Wooden instrument consisting of two diverging uphill rail tracks and a double cone. The geometry of the object is configured in such a way that, if the double cone is placed at the lower end of the tracks, it moves towards the higher one. If the double cone were really to rise, the potential energy gained at the end of the run could be transformed into useful work, for example operating a lever. Once the initial level is reached, the double cone could be moved horizontally to the starting point, expending a small fraction of the work gained. The cycle could be repeated, producing continuous work from nothing. Unfortunately, there is a visual deception in the object’s geometry. In the apparent ascent, the centre of gravity of the double cone drops inexorably. Once it has reached the end of its run, it cannot produce any work; on the contrary, force needs to be applied in order to bring it back to its starting point.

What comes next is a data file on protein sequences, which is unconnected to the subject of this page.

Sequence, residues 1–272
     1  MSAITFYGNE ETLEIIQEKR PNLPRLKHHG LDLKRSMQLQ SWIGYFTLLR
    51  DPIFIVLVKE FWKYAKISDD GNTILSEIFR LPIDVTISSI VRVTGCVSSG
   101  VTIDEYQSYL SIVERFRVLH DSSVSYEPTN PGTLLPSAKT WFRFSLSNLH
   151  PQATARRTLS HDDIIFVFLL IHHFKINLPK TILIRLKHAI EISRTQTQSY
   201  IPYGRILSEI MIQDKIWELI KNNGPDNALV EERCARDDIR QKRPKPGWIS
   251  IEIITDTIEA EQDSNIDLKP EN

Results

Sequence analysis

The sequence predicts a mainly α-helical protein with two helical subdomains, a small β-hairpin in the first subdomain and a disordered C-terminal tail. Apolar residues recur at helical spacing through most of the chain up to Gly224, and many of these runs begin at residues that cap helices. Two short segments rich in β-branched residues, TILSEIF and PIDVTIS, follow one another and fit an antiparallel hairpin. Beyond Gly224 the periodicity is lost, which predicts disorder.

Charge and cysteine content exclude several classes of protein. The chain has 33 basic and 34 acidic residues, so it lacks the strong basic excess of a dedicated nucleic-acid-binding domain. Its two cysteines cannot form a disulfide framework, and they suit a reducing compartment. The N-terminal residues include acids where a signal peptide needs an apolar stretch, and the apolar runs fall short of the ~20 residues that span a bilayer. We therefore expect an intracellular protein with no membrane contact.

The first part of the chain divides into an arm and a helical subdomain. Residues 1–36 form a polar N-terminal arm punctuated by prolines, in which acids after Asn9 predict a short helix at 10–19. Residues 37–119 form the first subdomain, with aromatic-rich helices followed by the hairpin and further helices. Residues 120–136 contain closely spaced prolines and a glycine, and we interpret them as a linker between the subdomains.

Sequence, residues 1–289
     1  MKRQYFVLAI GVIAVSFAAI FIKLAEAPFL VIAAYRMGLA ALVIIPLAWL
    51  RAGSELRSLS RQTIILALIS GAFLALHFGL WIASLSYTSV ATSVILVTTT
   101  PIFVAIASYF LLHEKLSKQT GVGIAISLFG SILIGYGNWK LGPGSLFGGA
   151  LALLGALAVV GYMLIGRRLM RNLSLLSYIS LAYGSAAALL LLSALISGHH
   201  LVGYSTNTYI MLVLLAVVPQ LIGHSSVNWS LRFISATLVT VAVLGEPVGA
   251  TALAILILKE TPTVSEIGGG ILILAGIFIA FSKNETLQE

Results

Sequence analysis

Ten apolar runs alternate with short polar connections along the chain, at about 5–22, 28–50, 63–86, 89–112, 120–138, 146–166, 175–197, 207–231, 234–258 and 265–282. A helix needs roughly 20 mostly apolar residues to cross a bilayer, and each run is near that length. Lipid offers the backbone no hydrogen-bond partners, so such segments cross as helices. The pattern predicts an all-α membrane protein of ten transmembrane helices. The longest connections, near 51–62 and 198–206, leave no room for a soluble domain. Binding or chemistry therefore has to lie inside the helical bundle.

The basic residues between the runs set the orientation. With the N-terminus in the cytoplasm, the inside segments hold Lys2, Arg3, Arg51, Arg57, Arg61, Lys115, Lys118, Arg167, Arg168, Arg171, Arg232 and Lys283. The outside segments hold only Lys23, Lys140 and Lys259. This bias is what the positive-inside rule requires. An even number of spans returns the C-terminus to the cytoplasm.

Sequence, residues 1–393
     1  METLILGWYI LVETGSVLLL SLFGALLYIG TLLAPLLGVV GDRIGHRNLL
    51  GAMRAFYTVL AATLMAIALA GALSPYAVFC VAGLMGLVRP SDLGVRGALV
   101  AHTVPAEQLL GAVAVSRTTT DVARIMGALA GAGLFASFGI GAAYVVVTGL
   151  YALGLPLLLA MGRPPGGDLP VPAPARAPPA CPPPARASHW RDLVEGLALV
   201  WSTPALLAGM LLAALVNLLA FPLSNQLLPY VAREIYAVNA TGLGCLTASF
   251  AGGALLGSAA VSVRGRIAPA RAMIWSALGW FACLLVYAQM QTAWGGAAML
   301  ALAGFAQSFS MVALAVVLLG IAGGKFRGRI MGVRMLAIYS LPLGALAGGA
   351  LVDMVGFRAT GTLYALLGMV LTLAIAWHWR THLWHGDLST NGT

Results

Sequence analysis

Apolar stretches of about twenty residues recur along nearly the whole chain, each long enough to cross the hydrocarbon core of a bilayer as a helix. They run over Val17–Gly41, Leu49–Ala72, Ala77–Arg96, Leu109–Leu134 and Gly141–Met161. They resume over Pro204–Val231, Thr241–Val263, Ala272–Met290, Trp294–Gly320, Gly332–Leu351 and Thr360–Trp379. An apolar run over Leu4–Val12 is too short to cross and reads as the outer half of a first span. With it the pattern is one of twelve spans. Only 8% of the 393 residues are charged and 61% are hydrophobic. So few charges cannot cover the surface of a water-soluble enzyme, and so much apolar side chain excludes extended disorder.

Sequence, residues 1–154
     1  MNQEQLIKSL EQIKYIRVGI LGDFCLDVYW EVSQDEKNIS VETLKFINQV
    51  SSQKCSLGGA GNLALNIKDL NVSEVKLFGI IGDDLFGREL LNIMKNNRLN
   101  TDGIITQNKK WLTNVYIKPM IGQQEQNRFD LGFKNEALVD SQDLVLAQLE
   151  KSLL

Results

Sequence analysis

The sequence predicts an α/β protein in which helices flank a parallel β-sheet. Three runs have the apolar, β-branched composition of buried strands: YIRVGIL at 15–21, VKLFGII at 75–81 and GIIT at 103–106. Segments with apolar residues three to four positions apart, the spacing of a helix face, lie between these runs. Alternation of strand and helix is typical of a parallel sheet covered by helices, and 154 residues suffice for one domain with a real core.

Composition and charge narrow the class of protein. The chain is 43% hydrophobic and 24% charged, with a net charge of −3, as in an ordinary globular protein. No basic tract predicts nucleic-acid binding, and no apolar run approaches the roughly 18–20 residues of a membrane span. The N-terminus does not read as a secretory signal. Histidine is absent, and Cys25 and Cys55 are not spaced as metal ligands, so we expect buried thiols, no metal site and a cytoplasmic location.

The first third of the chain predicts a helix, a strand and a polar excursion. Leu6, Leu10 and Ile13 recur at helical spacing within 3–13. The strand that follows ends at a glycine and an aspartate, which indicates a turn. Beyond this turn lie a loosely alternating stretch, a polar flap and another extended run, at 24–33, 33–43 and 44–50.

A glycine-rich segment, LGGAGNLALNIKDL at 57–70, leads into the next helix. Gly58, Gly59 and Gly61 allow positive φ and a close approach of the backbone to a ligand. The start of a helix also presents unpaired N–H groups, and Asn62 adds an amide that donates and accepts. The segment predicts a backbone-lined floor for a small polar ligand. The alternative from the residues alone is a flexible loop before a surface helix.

The instrument was already common in physics cabinets in the first half of the 18th century, described both by the Dutch mathematician Willem Jacob ’s Gravesande (1688-1742) in Physices elementa mathematica, esperimentis confirmata (Leiden 1720-1721) and by the French abbot Jean-Antoine Nollet (1700-1770) in Leçons de physique expérimentale (Paris 1743-1748).